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ISSN 2753-7757 (Online)

Forging a new UK-German electricity link


6 min read

Huge warehouse housing coverter hall for NeuConnect interconnector Photo: Siemens Energy
A vital link in the forthcoming NeuConnect German-UK interconnector, where a Siemens Energy converter hall about the size of a football stadium will convert electricity from AC to DC

Photo: Siemens Energy

The NeuConnect electricity interconnector will be the first energy link between Germany and the UK, and could provide a model for clean energy distribution, reports energy writer Jens Kastner.

In late July, the European Investment Bank (EIB) agreed on the financing structure of NeuConnect, the first ever energy link connecting Germany and the UK, two of the largest electricity markets in Europe.


The investment to build the interconnector will amount to €2.8bn, with the EIB set to contribute up to €400mn of financing for construction of the section within the European Union (EU). Other financiers include the UK Infrastructure Bank, which will focus on the stretch within UK waters and onshore territory, and the Japan Bank for International Cooperation (JBIC).


The NeuConnect project consists of a high-voltage direct current (HVDC) link interconnecting England and Germany through German, Dutch and British waters. The project will have a rated capacity of 1.4 GW and DC voltage of 525 kV. The predominantly subsea cable will have a route length of 725 km and will connect a converter station near Fedderwarden, northern Germany, near the Dutch border, linking the German grid interface to the electricity network of Netherlands-based grid operator TenneT.


The project will convert alternating current (AC) to direct current (DC) and then feed power to a converter station and grid interface on the Isle of Grain, Kent, reconverting to AC and linking with the UK National Grid’s electricity system operator (ESO) network.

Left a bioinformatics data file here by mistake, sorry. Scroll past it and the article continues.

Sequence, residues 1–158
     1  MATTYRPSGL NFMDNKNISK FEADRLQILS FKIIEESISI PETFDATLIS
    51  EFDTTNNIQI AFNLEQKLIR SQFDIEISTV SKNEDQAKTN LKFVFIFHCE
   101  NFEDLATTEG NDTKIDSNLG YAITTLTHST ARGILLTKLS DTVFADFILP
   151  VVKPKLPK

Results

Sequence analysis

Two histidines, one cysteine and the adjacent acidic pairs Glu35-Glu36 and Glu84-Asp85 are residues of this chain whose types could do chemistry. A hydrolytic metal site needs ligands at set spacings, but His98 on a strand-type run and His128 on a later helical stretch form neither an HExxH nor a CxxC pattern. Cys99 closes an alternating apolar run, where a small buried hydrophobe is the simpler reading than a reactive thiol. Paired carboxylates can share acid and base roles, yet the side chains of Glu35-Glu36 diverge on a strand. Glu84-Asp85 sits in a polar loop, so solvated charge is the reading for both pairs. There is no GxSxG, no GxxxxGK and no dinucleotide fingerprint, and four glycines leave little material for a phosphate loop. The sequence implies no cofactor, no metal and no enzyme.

The expected start date of commercial operations is in 2028, with the Fedderwarden site currently an undeveloped brownfield zone. Germany’s Siemens Energy has been appointed as the contractor for the NeuConnect converter stations, and Prysmian, an Italian company, will manufacture and install the cable.


According to Siemens Energy’s Europe Transmission Director Mark Pilling, the converters will convert the electricity to DC to reduce transmission losses and convert it back to AC at the other side of the line. ‘You will have to invest in a converter plant that is about as large as a football stadium, but once your transmission distance exceeds 100 km, it is worth converting to DC because it greatly reduces transmission losses,’ Pilling says.

‘While NeuConnect and existing interconnectors are for point-to-point transmission, in the future we are going to see multiple-point interconnector networks between, for example, offshore wind parks in the North Sea.’ – Mark Pilling, Siemens Energy


NeuConnect’s two converters will be identical. The massive size is largely explained through space being needed for the management of electro-statics.


Siemens Energy has a 30-year service agreement with NeuConnect, a privately financed consortium of investors led by Meridiam (France) and including Allianz Capital Partners (Germany) and Kansai Electric Power (Japan), with its German arm based in Wilhelmshaven and UK NeuConnect in London.


Towards net zero 
Pilling stresses that interconnectors are a key part of the world’s energy transition towards net zero CO2 emissions solutions, because they facilitate electricity trade across vast distances, enabling the capture, transmission and consumption of renewable energy, based on natural forces that may wax and wane at any location.


Interconnectors are a key element of Europe’s future energy system and are envisioned to play a major role in integrating these renewable capacities into the electrified and flexible energy system of the future. 


Today, electricity is only 25% of all the energy consumed in Europe. Most of the rest comes from fossil fuels, often imported from outside Europe. This will change with the European Commission’s Green Deal as the EU is aiming to be climate neutral by 2050.


Electric vehicles, heat pumps and indirect electrification via renewable hydrogen will increase their share of electricity in energy consumption. Brussels-based WindEurope, an association of the wind industry, in mid-2021 projected that by 2050, direct and indirect electrification will make up 75% of all energy consumed in Europe. Electricity will no longer be limited to the power sector but decarbonise mobility, heating and industry. This means much more renewable electricity will be deployed at a faster pace.


In the EU, this was mandated by the REPowerEU initiative, a European Commission proposal to end reliance on Russian fossil fuels before 2030 in response to the 2022 Russian invasion of Ukraine. Under REPowerEU, the EU wants wind energy in the EU alone to grow from less than 200 GW today to 510 GW by 2030 and 1,300 GW by 2050.


From a technical standpoint, NeuConnect will transmit electricity, though not necessarily renewable electricity. But both Germany and the UK have high shares of renewables in their electricity mixes. In Germany renewables accounted just over 40% of all electricity produced, according to the Fraunhofer Institute for Solar Energy Systems. In the UK it comprised 43% of all electricity produced in 2020, according to National Grid.